I was pleasantly surprised at how much I loved the book Chemistry! Author Weike Wang’s unnamed narrator, a Chinese-American Ph.D. student, lives with her redheaded boyfriend behind her traditional parents’ backs. Despite the high expectations for their daughter to become a chemist, she is unable to be successful in her research, losing interest in her male dominated field and having difficulty making decisions regarding her career and her relationship. The boyfriend proposed but she is just not feeling it enough to say yes, yet she doesn’t immediately say no. Caught in ambiguity, with nonscientific questions of the heart on her mind, and confusion about her future hanging in the balance, she searches inside herself to understand who she is, flaws and all, and how she fits in. Like an unsolved scientific problem, she may not be able to solve it and may choose to just ruminate. “Being in limbo doesn’t preclude us from sharing nice meals. In limbo, we still have to eat.”
The narrator states that her vision is poor, and everything about her, her parents and her acne for example, seems worse than others. This, for me is a metaphor portraying how self conscious she is; a harsh judge of herself, while looking at others through a softer veil of judgement. Overwhelmed with her own situation, she shows little emotion to the outside world. Her approach to life is scientific, and a bit negative. “The optimist sees the glass half full. The pessimist sees the glass half empty. The chemist sees the glass completely full, half in liquid state and half in gaseous, both of which are probably poisonous.” She is a realist, guided by proven fact and less by emotion and feelings; her life teeters back and forth while she is looking for a balance. “The only difference between a poison and a cure is dosage”. She searches for happiness and presents to the reader how she feels about it with an equation:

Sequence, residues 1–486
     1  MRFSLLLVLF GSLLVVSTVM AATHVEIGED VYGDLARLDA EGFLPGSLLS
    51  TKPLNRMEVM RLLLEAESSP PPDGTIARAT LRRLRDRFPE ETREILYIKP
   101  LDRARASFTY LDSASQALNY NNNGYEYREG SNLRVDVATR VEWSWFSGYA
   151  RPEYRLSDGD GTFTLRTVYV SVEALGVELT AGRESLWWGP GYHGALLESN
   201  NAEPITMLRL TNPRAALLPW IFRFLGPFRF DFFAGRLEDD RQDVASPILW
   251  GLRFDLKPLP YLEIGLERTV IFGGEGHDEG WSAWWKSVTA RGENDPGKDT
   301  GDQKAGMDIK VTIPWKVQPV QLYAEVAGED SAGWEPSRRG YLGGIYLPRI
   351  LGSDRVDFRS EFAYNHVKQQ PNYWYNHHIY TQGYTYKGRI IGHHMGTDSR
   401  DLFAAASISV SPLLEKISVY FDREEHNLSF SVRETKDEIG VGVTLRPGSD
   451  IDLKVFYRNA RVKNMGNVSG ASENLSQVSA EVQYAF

“Happiness = reality- expectations.
If reality is > expectations, then you are happy.
If reality is < expectations, then you are not.
Hence the lower your expectations, the happier you will be.”
Wang is a minimalist when it comes to verbiage; like a mathematical equation with no directions, she says only what is imperative, no flowery language or description but with an added touch of humor. It is up to the reader to read into the meaning of what is presented; her metaphors are fantastic food for thought when it comes to understanding the main character and her journey.
Written without names, the narrator could be anyone; an anonymous person in the midst of the struggles of life. I loved all the science references, metaphorical situations, and found this book most enjoyable. Chemistry is short but worthy of spending the time to read thoughtfully. It is satisfying in so many ways; a must read this summer with a unique style, thought provoking, heartbreaking and funny!
ABOUT THE AUTHOR
Weike Wang is not only the author of the beloved Chemistry, but her short fiction has also appeared in Glimmer Train, Alaska Quarterly Review, Prick of the Spindle, and Redivider. In the past, she has taught at Boston University and holds a BA from Harvard University, an SD from the Harvard Chan School of Public Health, and an MFA in Fiction from Boston University.